As Election Day draws near, one can’t help but recognize, a note of particular importance to all candidates and political parties, that the Latino voters will play a pivotal role in out nation’s elections in 2008. With the Latino population ever increasing and for that matter, the Latino electorate, many candidates up for election come November are actively pursuing Latino support in order to succeed.
The key to any candidate’s success with the Latino electorate is to become intimately familiar with the main issues facing the Latino community in 2008. In its report summarizing voters’ main issues, the National Association of Latino Elected and Appointed Officials (NALEO) Educational Fund, listed the top five issues facing the Latino community. In no specific order, the top five are: (1) the economy, (2) healthcare, (3) education, (4) the war in Iraq and foreign policy, and (5) immigration. (See Report at www.Naleo.org; See also Latina Style Mag., Vol. 14, No. 4, 2008 at page 76.)
Most voters in America, including the Latino voter, would have had some type of experience with the economy crunch that is being felt nationwide. The crisis in our nation’s economy has affected us all in varying degrees. From folks that have lost their homes to paying more for gas at the pump, all voters have been impacted. The Latino community is no different.
Today, anyone trying to raise a family in the United States is aware of the critical issue of healthcare that affects many across the country. Many families are not even covered by basic healthcare insurance, and many more have insurance that is insufficient to meet their needs. Is some form of universal insurance coverage the answer?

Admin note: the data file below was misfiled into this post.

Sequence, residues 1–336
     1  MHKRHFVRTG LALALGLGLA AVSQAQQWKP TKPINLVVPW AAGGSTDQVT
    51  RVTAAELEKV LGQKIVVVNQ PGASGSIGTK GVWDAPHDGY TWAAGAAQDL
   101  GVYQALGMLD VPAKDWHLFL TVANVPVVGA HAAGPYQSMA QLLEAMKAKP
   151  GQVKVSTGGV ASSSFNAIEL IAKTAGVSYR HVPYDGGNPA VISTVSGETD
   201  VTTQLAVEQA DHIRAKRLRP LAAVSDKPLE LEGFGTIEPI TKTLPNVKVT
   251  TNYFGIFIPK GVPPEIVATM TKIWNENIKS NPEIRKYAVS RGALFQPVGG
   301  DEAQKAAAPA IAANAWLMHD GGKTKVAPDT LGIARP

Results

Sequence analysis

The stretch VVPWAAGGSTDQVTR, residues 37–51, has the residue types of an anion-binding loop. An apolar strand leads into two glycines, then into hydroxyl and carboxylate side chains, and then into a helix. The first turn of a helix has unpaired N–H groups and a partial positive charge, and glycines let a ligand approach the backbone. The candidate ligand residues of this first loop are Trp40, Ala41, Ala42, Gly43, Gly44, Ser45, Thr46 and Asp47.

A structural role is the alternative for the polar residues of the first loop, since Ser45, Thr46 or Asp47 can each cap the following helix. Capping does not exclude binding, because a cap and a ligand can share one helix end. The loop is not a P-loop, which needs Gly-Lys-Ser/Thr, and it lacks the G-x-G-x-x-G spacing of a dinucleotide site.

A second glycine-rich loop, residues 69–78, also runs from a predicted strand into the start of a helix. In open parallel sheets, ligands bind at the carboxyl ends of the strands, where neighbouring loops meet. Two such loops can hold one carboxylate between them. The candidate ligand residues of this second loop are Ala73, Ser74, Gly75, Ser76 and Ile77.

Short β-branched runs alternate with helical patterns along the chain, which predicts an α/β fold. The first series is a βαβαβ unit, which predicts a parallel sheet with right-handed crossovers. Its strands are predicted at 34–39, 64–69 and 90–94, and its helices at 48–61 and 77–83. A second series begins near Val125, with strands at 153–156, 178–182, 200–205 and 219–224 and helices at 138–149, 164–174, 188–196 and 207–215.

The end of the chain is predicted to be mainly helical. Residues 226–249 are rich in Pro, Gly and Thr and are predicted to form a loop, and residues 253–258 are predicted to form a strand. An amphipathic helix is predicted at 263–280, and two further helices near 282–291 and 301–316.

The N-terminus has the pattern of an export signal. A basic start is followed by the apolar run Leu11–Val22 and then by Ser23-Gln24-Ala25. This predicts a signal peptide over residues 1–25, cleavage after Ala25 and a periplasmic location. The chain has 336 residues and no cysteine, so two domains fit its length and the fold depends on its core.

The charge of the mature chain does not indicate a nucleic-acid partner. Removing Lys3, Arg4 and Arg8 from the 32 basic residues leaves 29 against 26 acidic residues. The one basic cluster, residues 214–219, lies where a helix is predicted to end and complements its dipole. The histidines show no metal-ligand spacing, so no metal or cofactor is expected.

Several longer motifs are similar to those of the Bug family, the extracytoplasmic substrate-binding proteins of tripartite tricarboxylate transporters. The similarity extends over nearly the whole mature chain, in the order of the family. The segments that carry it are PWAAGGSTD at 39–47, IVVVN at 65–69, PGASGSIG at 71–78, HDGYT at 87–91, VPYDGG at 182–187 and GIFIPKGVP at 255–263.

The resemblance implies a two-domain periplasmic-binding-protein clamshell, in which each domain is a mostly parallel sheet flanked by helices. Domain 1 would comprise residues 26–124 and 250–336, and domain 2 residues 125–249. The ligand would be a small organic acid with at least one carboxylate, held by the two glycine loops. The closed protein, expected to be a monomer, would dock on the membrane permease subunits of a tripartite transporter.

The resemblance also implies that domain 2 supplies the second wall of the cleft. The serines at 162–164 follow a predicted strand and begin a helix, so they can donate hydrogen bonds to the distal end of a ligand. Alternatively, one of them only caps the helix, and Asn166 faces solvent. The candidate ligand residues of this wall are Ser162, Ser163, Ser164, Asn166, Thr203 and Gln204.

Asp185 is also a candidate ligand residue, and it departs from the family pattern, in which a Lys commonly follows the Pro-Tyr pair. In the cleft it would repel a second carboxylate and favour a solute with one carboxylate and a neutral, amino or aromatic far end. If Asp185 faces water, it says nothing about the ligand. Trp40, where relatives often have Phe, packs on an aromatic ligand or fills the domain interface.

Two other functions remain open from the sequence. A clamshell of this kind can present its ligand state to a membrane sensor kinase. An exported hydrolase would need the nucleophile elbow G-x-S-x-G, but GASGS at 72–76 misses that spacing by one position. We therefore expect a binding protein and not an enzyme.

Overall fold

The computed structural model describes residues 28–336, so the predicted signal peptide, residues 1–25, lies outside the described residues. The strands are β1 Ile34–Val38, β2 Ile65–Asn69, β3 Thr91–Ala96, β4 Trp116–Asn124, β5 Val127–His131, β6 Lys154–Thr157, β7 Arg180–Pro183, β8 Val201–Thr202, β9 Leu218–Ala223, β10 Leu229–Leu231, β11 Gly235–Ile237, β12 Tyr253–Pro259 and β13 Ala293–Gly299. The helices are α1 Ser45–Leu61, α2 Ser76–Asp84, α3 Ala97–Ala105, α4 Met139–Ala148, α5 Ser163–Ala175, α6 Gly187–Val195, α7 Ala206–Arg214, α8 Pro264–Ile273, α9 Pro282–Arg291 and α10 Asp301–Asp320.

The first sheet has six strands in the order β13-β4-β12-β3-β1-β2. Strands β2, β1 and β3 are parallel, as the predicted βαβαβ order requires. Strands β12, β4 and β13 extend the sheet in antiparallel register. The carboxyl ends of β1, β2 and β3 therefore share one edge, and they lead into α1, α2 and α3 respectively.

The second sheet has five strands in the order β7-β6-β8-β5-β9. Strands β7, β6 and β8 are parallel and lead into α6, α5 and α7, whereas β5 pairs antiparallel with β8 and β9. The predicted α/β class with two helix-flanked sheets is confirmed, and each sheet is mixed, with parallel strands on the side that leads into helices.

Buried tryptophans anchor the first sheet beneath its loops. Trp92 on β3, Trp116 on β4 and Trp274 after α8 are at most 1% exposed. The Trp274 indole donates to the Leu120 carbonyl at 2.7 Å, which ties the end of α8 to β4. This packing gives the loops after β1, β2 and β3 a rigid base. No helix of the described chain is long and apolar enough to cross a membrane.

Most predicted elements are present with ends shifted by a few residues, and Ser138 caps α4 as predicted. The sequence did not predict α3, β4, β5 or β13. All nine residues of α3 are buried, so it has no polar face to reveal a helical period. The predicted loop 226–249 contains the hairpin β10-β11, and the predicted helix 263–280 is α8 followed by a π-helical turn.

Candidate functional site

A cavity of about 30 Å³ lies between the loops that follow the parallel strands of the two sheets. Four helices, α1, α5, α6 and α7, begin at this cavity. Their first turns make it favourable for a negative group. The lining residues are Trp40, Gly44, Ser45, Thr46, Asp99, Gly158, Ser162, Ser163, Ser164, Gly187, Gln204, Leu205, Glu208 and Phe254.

Many folks in the United States recognize that education has been and will continue to be an issue of high priority for elected officials. Unfortunately, most Latinos agree that when it comes to education, particularly the education of poor Latino children, the current administration has not made the issue of education a top priority.
The War in Iraq & Foreign Policy
When asked, most voters express profound concerns with the United States’ presence in Iraq and the state of foreign relations overall. Most voters know or are related to someone who has served in Iraq. Of top concern to Latino voters is the issue of funding for the war that might otherwise go to addressing more pressing challenges, such as education and healthcare.
While immigration is rarely the first issue raised by Latino voters, it is almost certain to be discussed at some point, and with great passion. Most Latino voters do not favor building a wall along the United States-Mexican border. Why is the southern border the only one targeted for such a wall? However, most Latino voters do favor some type of immigration reform. Almost all Latino voters favor some form of path to citizenship for undocumented immigrants. This without question, is a fundamental principle which has helped build this great nation that we all love.